What Pussy Riot teaches us
August 18th, 2012
03:24 PM ET

What Pussy Riot teaches us

By Olga Oliker, Special to CNN

Olga Oliker is a senior international policy analyst at the nonprofit, nonpartisan RAND Corporation.

Pussy Riot has been everywhere. The blogosphere has been awash for weeks in demands that the three jailed members of this Russian performance art collective be freed. Yesterday, a Russian court rejected those demands.

Maria Alekhina, Nadezhda Tolokonnikova and Yekaterina Samutsevich, imprisoned since March on charges of hooliganism motivated by religious hatred, were found guilty and sentenced to two years imprisonment each. But while Amnesty International has declared the three “prisoners of conscience,” Madonna got far more attention for their cause by displaying the group’s name on her back at a recent Moscow concert.

Indeed, few Western musicians have taken the stage recently without making some gesture in support of Pussy Riot, which takes aesthetic inspiration from the American riot grrrl feminist musical movement of the 1990s.  In just a few weeks, Pussy Riot has become the balaclava-clad face of Russian political oppression for many in the West, drawing tremendous attention to their cause and doubtless having an impact on the sentence, if not the verdict.

In contrast, the broader opposition movement in Russia, reinvigorated during this past winter’s presidential election process and now under fire from the 100-day-old regime, has received dwindling press attention. Pussy Riot’s members faced up to seven years in prison if convicted. But their (bluntly phrased) political message urging accountability and equality remains in more danger than they ever were.  This is in part because the Russian opposition as a whole has failed to capitalize on the attention these artists have received.

Membership in Pussy Riot is fluid, with different members taking part in different actions, all wearing brightly colored ski masks to protect their identities.  The group’s modus operandi is to stage brief performances in public places, singing along and miming guitar playing to pre-recorded songs.  They then post video of these events to the internet.  Their song lyrics, as transcribed on the freepussyriot.org website (in English but, curiously, not Russian) insult Russian President Vladimir Putin and his government, call for his ouster, and exhort protest, feminism, and gay rights.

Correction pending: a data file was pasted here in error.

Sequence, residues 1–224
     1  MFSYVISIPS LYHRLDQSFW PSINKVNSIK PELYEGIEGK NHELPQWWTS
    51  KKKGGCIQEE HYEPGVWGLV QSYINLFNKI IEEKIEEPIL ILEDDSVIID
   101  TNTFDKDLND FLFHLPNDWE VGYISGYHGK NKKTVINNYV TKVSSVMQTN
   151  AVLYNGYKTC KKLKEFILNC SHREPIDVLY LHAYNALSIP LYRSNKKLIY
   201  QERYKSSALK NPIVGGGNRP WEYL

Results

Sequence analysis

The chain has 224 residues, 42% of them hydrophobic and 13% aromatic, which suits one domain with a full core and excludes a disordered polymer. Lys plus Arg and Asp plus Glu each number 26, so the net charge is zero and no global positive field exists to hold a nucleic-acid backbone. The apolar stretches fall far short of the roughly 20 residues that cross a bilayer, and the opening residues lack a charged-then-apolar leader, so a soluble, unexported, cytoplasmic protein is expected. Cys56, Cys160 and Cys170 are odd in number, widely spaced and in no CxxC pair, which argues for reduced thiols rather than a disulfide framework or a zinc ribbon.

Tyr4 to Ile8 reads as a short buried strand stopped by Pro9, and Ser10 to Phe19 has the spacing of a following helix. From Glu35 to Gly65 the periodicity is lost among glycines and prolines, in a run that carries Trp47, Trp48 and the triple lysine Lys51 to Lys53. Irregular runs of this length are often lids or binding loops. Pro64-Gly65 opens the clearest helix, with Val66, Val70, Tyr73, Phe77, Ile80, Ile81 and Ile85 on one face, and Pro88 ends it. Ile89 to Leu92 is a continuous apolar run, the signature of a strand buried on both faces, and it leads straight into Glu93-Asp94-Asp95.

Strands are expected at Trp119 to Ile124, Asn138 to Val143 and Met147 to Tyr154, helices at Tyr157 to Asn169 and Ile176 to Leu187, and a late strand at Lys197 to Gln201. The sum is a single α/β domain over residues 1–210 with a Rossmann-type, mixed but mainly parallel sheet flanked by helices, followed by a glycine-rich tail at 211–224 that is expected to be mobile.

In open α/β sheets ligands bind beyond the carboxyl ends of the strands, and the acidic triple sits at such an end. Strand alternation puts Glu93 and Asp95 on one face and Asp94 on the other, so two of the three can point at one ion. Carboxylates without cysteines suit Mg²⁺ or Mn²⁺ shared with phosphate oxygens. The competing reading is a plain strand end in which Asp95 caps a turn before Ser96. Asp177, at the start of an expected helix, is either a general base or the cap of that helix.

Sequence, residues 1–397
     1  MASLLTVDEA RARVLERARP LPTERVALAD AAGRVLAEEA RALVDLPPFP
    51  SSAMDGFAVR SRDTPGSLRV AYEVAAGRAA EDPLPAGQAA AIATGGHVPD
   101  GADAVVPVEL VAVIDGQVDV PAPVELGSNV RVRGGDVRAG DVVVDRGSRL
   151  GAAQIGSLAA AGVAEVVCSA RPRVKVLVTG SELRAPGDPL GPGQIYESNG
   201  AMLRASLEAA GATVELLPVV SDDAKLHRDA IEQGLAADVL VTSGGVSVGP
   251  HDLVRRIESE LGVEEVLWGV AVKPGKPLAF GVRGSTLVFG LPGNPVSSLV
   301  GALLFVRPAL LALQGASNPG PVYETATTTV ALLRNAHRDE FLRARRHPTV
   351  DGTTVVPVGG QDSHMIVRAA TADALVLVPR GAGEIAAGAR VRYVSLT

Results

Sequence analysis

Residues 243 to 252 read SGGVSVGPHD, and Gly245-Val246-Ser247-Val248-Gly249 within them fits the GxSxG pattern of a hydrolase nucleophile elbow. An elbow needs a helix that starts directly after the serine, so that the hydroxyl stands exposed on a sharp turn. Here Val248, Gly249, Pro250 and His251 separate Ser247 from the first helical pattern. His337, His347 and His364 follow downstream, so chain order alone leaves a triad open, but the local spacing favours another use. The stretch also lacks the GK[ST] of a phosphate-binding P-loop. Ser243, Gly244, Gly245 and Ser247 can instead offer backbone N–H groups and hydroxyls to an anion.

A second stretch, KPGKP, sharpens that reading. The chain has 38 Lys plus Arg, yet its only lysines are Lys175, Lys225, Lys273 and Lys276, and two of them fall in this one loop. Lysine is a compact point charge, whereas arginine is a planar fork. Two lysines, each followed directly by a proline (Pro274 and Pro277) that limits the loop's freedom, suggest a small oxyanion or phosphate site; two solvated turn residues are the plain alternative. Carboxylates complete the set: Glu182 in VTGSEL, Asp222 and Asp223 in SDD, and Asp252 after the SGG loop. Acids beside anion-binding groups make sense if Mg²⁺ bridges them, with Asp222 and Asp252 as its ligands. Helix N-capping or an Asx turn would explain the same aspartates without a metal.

In February, a Pussy Riot action took place at the Christ the Savior Cathedral in Moscow.  The song performed, “Punk Prayer,” critiques the close ties between the Russian Orthodox Church and the state in colorful language.  The performance lasted for about a minute, until the group was escorted out by security.  The slightly longer video crafted from footage of this event went viral, however, and Church leadership protested, leading to the March 4 arrests-and perhaps making the song’s point.

It seems unlikely that Russian authorities realized that the Pussy Riot trial would gain this sort of international attention. Arrests of opposition figures more typically elicit sharp language from human rights groups rather than rock stars. The entire thing proved sufficiently embarrassing that Putin himself suggested that the women should not be “judged too severely.”

The international outcry to free Pussy Riot was no doubt driven in part by the fact that artists with a political message are part of a long tradition globally and in Russia itself.  Artists and musicians were also appalled by what seems an unduly harsh response to Pussy Riot's behavior (offensive though it may have been).  Thus, the anger over Pussy Riot’s jailing hinged on two factors: free speech and excessive punishment.

This all but ignored the broader protest movement, in which tens of thousands of urban middle class Russians took to the streets to voice their frustration with a lack of representative, accountable government. With Putin back as president, the state has pushed back on these activities, arresting protesters and threatening or pressing criminal charges against prominent activists and their supporters. In the meantime, the movement itself has had difficulty gelling, lacking either clear leadership or a solid platform with appeal to large numbers of Russians.

The Pussy Riot phenomenon would seem to present an opportunity to draw more global attention to Russia’s opposition, help it develop a cohesive agenda, and perhaps channel foreign support toward efforts to make Russia as a whole freer.  But this hasn’t happened.

The Russian opposition – along with much of Russian society – finds Pussy Riot’s language, tactics and overt championing of feminism and gay rights too extreme. The group’s foreign supporters, for their part, know little about Russia’s political and social context. The result was a focus in Russia and abroad on the women themselves and leniency towards them, not their message or that of the opposition as a whole.

Sadly, this means today’s sentence, while almost certain to be appealed, will soon enough be followed by a dissipation of foreign interest and a return to business as usual. But the global attention drawn by Pussy Riot shows what is possible in an interconnected world.  Opposition movements in Russia and elsewhere may take note and think about how to better harness such possibilities in the future.

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Topics: Russia

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  1. John

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    July 25, 2014 at 7:34 pm | Reply
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